I’ve read two crime novels recently where the plot was centred around the murder of young children. This is a difficult subject to write about, and a number of events I’ve been to over the years suggests that crime writers hesitate to tackle the issue. Henning Mankell once said that he had started a book involving the abuse of a child and simply didn’t finish it. Similarly, recently a CrimeFest panel led by the excellent Anne Zouroudi, concurred that it would be difficult to write about the murder of a child. As a reader, it’s a difficult subject to contemplate but child murders do occur in real life and I grew up in South Manchester in the 1980s where the Moors Murders were still in the recent past.
In The Man on the Balcony by Maj Sjöwall and Per Wahlöö, Martin Beck and his team have to face the deaths around Stockholm of young girls who are murdered and assaulted in the city’s parks. The two witnesses are a vicious mugger who is only willing to tell what he knows to the lugubrious and unpopular cop Gunvald Larsson, and a three year old boy whose testimony is limited. As Beck and the team inch nearer to the killer they become frustrated by the slow progress but Beck finally is able to link a phone call about a man on a balcony watching children play, to the description of the killer.
By now I’m used to the style of writing in the Sjöwall/Wahlöö series and in some respect, the neutral tone of the narrative gave some relief from the horrors of the story. Although detectives are clearly shocked by the murders, the investigation is never portrayed as a personal act of vengeance but rather as a another, albeit shocking, case that must be painstakingly investigated and solved. But once more, we see the underbelly of liberal Swedish society, set towards the end of the swinging sixties where sexual freedom has come at a price and it is being paid by young girls. In a particularly shocking scene, Beck is offered nude photographs by a girl who has gone into a photo-booth and lifted her dress to her armpits. Someone, Beck thinks wearily, will no doubt buy them.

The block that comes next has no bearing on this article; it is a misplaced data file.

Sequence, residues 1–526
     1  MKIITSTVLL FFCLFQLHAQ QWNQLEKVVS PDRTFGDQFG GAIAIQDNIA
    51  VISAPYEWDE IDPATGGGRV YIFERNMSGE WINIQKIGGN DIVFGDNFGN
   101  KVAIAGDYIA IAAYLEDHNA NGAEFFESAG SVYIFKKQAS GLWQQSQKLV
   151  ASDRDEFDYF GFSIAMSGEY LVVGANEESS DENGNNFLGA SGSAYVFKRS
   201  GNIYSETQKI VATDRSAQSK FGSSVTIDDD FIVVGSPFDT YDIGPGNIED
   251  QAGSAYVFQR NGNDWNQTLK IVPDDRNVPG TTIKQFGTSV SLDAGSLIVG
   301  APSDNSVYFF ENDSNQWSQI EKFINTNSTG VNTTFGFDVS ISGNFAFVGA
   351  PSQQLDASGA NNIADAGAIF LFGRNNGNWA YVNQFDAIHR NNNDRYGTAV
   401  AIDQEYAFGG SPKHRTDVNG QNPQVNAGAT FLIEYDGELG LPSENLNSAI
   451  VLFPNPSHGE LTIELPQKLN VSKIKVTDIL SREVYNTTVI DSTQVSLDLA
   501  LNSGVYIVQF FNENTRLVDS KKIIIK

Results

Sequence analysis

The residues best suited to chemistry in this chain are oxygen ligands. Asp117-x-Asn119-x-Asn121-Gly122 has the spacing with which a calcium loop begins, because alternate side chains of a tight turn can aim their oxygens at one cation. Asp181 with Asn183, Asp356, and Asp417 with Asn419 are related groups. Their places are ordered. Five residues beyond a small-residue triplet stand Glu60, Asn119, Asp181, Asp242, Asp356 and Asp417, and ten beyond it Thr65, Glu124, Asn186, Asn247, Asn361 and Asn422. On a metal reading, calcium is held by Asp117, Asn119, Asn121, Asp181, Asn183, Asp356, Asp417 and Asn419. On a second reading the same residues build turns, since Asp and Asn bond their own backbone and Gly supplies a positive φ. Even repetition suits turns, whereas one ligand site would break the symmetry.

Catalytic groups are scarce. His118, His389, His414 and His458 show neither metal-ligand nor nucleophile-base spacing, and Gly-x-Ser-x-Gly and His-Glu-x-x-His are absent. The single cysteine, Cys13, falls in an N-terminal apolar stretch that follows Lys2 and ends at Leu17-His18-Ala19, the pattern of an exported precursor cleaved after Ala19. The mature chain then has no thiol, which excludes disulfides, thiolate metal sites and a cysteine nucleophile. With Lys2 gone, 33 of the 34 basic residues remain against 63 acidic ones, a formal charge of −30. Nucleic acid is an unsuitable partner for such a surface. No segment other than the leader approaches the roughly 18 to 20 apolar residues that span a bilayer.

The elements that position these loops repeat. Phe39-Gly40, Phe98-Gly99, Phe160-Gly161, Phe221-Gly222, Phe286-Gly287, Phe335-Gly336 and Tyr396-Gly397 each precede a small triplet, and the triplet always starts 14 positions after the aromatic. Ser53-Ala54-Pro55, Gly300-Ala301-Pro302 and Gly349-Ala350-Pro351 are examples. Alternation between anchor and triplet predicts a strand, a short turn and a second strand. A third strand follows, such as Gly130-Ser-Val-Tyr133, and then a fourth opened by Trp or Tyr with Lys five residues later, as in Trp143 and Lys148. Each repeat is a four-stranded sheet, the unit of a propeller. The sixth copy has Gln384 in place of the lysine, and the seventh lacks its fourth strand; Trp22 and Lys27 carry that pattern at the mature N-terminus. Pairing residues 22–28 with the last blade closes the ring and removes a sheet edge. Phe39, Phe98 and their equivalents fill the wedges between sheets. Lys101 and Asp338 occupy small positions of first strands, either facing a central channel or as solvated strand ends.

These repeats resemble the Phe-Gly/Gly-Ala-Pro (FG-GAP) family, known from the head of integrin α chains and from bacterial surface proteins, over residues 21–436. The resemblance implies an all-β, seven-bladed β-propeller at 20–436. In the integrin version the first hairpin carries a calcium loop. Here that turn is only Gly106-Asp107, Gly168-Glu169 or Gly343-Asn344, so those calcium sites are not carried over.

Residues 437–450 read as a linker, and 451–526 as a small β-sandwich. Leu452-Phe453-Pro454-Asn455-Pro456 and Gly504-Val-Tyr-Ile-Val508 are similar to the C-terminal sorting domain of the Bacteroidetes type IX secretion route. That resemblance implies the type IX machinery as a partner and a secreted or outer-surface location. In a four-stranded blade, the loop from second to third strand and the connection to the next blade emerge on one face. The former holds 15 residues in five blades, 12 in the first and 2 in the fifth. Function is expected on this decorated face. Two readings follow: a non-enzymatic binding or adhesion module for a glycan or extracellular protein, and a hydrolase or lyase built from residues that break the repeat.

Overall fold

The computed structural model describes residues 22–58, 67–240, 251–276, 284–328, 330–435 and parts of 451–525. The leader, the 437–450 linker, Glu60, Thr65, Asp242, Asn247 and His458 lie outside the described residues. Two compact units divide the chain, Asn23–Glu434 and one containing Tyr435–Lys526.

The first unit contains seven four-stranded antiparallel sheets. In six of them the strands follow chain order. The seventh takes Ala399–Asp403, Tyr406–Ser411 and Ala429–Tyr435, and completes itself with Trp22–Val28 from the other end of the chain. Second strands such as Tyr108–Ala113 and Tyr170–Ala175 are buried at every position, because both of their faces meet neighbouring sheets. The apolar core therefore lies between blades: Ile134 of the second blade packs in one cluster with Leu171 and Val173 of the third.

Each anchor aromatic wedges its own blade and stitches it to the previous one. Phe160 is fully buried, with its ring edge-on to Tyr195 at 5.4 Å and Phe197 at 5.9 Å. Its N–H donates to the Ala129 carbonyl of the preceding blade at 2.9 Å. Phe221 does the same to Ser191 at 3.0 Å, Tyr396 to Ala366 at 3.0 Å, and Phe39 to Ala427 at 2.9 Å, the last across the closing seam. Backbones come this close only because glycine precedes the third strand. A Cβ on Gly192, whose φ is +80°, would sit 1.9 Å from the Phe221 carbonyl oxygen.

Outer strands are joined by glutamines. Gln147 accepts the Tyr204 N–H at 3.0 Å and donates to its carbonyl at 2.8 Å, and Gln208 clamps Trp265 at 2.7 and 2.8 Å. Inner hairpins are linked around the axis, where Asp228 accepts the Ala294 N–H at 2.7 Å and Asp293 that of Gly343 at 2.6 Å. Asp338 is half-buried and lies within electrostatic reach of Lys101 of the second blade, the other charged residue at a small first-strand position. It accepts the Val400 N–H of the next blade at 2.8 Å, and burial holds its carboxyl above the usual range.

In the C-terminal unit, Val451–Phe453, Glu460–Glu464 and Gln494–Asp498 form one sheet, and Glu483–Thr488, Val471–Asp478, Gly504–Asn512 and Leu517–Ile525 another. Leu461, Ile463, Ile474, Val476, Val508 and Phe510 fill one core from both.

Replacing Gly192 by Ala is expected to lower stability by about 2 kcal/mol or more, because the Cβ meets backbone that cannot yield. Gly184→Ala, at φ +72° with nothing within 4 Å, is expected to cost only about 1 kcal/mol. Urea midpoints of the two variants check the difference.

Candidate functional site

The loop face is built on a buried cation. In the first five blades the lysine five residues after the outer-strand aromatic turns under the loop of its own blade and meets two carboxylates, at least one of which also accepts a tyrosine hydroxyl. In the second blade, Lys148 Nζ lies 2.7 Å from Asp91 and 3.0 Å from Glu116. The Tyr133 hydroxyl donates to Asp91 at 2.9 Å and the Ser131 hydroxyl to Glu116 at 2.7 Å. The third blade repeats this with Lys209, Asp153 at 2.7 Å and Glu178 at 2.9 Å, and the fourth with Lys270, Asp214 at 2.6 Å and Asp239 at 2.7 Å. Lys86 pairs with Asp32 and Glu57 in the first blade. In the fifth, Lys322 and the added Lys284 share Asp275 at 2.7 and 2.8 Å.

Marco Vichi’s Death and the Olive Grove hides, behind its deceptively bucolic title, a similar theme. Although published at the beginning of this year, Vichi sets his books in early 1960s Florence, where a man is killing young children and leaving behind a peculiar signature on the bodies. Inspector Bordelli becomes frustrated at the pace of the investigation and the way in which the killer continually outwits them. It is only when he becomes romantically involved with a woman hunting down Nazis who were acquitted at Nuremberg, does the case begin to open up.
Vichi’s undoubted strength is in his characterisation. Bordelli is an interesting character and the book is interspersed with reflections of his war experiences. The overshadowing of 1960s Italian life by the collective experiences of war is a central theme of this book, and works quite well although I found the nature of the killings of the children distasteful. But Vichi writes particularly well about the grief felt by the parents of the young girls, with one mother for example simply refusing to accept that her daughter is dead. It was an interesting book and I would read Vichi again mainly because I liked the central character.
So two well written books on a subject that is both upsetting and repelling. The subject matter, in my opinion, is only approachable in these two novels because they are written without descriptions of excessive violence and in a neutral tone. For a discussion on more extreme depictions of violence towards children, have a look at the debate at Reactions to Reading.